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Dale Fleetwood is cautioning people to keep their wits about them when using social media and when sharing account details after a thief took $2000 from her. Photo: KELLEY TANTAU

Thieves fleece $2k from bank account

A Waihī woman is reminding people to be money-aware after her Visa debit card was used to fleece her of $2000.
Dale Fleetwood noticed something was wrong with her finances on June 4, after her debit card kept declining at petrol stations and supermarkets.
“It was so embarrassing. You get up to the check-out, and your card declines… I got rather ill over it, to be frank,” she told The Profile.
But Dale kept the problem to herself, believing it to be some sort of error with her superannuation payments, and didn’t alert her family.
It was more than a week later when she got through to her bank – Kiwibank – and was immediately told someone was withdrawing money from her account.
“I was going hungry, but that was my own fault,” she said. “I should have contacted my family.”
She went to Kiwibank in Thames before being transferred to the bank’s fraud department, which she said initially told her they wouldn’t be able to reimburse her funds. Then, they agreed to deposit $50, then, finally the full $2000. “When I found out what had happened, I went to the [Waihī] Police, and the receptionist there was absolutely brilliant. She said it was very common, and they gave me a big box of food, which blew me away.”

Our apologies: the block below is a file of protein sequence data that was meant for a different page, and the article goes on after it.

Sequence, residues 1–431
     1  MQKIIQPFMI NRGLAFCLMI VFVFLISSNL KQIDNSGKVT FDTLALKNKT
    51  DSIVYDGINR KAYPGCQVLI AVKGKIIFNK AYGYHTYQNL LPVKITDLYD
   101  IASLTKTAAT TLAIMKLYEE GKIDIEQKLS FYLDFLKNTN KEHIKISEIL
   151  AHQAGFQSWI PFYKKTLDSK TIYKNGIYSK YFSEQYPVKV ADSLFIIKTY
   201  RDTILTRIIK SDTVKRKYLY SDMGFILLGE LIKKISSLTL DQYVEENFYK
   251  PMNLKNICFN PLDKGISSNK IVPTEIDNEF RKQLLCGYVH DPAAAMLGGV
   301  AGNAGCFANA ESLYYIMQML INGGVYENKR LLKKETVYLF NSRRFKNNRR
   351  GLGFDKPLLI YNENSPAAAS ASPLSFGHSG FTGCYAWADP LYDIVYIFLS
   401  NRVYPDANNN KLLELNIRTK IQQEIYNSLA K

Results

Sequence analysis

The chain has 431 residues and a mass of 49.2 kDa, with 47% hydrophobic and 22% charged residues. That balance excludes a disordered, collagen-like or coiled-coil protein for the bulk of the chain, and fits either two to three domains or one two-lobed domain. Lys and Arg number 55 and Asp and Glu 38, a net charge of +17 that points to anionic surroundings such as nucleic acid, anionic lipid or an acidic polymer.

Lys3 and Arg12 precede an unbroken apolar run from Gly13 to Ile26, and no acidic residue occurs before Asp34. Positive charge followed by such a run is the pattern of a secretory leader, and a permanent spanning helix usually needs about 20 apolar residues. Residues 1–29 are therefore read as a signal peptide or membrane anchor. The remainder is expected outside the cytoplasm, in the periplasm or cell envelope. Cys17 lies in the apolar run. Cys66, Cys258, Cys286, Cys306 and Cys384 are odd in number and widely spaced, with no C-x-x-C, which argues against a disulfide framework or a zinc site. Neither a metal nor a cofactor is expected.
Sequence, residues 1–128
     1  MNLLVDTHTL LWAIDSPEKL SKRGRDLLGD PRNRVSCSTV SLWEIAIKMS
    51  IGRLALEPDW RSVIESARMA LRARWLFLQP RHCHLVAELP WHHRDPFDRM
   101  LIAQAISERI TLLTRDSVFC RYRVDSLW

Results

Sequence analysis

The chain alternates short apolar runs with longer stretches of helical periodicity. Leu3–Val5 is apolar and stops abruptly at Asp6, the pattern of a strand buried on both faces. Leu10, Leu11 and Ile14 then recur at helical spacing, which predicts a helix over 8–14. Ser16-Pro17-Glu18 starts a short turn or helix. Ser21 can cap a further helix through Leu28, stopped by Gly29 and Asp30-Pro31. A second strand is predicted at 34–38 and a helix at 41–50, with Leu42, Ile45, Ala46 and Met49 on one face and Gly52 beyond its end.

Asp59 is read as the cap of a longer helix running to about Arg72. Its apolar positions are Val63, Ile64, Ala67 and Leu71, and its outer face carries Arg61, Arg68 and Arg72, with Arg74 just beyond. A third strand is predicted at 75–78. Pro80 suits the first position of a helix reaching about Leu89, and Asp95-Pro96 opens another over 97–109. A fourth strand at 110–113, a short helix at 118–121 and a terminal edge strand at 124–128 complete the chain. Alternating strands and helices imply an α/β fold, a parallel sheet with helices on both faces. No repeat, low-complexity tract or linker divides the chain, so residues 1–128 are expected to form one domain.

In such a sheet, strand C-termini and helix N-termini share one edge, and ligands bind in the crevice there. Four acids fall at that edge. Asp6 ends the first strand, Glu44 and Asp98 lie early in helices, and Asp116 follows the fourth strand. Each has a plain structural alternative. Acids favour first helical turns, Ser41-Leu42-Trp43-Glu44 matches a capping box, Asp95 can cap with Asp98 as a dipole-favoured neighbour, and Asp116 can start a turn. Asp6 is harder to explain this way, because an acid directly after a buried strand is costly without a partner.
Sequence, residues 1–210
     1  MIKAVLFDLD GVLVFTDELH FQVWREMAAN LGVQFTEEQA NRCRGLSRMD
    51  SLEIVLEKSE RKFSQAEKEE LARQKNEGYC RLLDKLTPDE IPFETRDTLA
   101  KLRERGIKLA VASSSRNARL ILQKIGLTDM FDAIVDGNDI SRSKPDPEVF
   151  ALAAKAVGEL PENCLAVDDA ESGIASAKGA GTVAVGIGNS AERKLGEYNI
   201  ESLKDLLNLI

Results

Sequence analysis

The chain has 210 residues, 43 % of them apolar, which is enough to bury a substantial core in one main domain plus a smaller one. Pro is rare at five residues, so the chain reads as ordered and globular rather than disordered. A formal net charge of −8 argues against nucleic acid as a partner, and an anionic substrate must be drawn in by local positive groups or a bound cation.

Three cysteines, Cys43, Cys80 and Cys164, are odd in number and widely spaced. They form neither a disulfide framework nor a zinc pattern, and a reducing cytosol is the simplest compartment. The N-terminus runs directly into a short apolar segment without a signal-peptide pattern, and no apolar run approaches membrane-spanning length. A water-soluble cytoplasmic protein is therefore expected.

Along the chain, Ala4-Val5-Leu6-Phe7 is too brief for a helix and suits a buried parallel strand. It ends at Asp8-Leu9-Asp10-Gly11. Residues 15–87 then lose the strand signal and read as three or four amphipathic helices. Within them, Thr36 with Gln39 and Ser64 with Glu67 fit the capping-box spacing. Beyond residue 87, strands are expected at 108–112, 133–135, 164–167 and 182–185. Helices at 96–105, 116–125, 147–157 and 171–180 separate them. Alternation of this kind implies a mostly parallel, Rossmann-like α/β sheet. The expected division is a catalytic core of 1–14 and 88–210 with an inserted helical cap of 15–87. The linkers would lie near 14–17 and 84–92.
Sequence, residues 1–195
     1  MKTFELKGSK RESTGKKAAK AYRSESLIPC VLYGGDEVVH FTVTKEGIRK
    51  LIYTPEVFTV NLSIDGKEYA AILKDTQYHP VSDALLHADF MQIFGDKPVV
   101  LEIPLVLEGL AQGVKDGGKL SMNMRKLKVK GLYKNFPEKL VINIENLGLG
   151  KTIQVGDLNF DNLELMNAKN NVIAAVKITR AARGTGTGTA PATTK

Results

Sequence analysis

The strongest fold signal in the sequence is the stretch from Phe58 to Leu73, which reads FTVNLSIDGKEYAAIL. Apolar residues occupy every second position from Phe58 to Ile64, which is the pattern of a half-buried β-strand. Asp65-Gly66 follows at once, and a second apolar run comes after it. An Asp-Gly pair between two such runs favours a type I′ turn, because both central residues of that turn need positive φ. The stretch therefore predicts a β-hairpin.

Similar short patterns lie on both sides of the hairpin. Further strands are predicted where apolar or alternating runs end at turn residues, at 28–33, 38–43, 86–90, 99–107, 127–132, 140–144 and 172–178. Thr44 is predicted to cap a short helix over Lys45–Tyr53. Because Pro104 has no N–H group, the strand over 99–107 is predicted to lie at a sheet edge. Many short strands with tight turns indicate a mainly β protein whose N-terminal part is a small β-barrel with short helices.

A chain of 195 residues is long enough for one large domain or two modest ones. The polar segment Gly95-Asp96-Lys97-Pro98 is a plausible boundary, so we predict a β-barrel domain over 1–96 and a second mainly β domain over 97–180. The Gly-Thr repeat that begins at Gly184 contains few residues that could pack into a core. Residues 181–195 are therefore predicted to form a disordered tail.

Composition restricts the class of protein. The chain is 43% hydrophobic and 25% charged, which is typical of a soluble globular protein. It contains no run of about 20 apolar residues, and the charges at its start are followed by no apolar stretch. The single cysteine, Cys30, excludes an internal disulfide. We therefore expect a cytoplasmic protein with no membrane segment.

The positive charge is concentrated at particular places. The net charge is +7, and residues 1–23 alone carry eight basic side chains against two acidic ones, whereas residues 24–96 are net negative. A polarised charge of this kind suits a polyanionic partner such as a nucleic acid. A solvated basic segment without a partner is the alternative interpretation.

Dale said the thief appeared to be someone living in New Zealand, as there was an array of TradeMe purchases and transactions made in Northland.
She has since received a new bank card and the offending seems to have stopped, but she still doesn’t know what happened for her account to have been targeted.
“[People] said I must have dropped my card somewhere and someone’s come along… but no, that was not the case,” she said. “Nothing like this has ever happened to me and I never want it to happen again, and even though it did happen, I still don’t know how it happened.”
Dale is now cautioning people to keep their wits about them when using social media and when sharing account details.
“Never, ever give anyone your bank details,” she said.
“The bank and the police kept asking if I do internet banking and no, I don’t. They asked if I buy anything online. No, I don’t.”
Dale also said victims of online scams need to ask for help from friends and family.
“It’s just so personal,” she said. “You think you’ve done something wrong. But if something is wrong, don’t ignore it.”
A Kiwibank spokesperson told The Profile it was really important for victims to notify their bank as soon as they suspected something had happened.
“If you’ve been the victim of unauthorised activity on your accounts, we’ll reimburse any money you’ve lost as long as you’ve complied with our general terms and conditions, haven’t acted dishonestly or negligently, and have taken reasonable steps to protect your banking,” they said.
Kiwibank advises taking several measures to stay safe: Keep your contact details up to date so a bank can let you know if it notices anything suspicious; don’t let your card out of your sight – if a retailer needs to swipe your card, make sure they give it back to you straight away; where possible, swipe your card through Eftpos terminals yourself; check your statements for any transactions that you don’t recognise; and never give your card details to someone over the phone unless you initiated the call and you know the company is reputable.